Earthquake Disaster

 

According to media reports, the death toll from the massive earthquake in Turkey and Syria has risen to nearly 5,000. Many millions of people are affected by the disaster. Talking to us by telephone from a research trip in Oman, Professor Klaus Reicherter of the Teaching and Research Area of Neotectonics and Natural Hazards at RWTH answered some questions about the situation.

What exactly happened in Turkey and Syria?

The East Anatolian Fault is a plate boundary that runs from the Eurasian to the Arabian plate and joins the Dead Sea Transform Fault, running onto Aqaba in Jordan. In other words, it is a so-called strike-slip fault zone. Many strong earthquakes have occurred here throughout history – similar and comparable to the well-known San Andreas Fault. They are pretty well-documented and have claimed many lives. These faults are 1,000 kilometers long and can produce quakes up to magnitude 8, depending on the length of the segment that slips.

Why were there so many tremors in a row?

This strike-slip fault is very long, and the stress drop is practically passed on to the next segment; moreover, magnitude 7.9 is a powerful earthquake with catastrophic consequences – even the aftershocks are still very strong.

Will the situation calm down now until new stress is built up?

There will be aftershocks for some time – I expect it will take about a year until everything "settles down" again.

Were you surprised by the severity of the quake? No, there are certain regularities.

For example, we know of an earthquake in Antioch in 526 B.C. that killed about 250,000 people. Then an earthquake occurred in Aleppo in 1138, killing about 230,000 people – roughly comparable to Haiti in 2010. Consequently, it is a well-known fact that a massive earthquake tends to hit the region every 500 to 1,000 years.

Could people have been warned earlier? Are there any protective mechanisms that could have been taken at all?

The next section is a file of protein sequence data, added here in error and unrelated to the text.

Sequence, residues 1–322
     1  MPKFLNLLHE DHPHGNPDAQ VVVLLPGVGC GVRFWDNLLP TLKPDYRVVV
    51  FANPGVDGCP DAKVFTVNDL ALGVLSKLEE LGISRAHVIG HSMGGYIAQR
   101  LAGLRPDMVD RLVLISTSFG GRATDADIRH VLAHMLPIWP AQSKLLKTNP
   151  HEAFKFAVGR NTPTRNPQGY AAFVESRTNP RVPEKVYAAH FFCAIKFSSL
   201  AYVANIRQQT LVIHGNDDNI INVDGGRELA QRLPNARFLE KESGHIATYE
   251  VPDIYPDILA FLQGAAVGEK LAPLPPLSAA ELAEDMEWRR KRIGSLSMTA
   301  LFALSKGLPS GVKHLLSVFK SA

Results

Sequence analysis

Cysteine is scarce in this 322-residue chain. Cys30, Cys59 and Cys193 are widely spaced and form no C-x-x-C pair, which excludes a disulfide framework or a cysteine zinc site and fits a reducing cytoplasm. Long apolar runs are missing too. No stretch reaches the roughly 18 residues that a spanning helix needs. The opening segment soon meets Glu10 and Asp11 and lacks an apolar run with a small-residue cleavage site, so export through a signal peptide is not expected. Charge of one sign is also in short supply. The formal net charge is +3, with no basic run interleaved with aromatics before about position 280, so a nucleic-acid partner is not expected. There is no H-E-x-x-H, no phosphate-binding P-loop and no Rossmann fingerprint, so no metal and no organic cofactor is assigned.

No, not really. There are building regulations, the so-called Eurocode 8. If these had been considered and followed, less damage would likely have happened because many houses would have remained standing. But apparently, there has been no interest in implementing the code to date. However, the quake was also very powerful.

What is the situation in Germany? Do we have similar vulnerable areas?

No, the situation is not comparable. We do not have a plate boundary here in Germany or slip-strike fault zones, for that matter. The highest observed magnitude of earthquakes here is around 6.5 to 6.7 – more than an order of magnitude below the Turkey-Syria disaster. This means that much less energy is released in the event of a quake – around 50 times less. Moreover, the periods in which such events recur are much longer, spanning 3,000 to 5,000 years. There are also stricter building regulations, insurance, and the like in Germany, and I would also rate the construction quality more highly here.

Are there generally phases when the Earth’s crust is more prone to earthquakes? Or is it always equally earthquake-prone?

The Earth’s surface is always moving and shifting.

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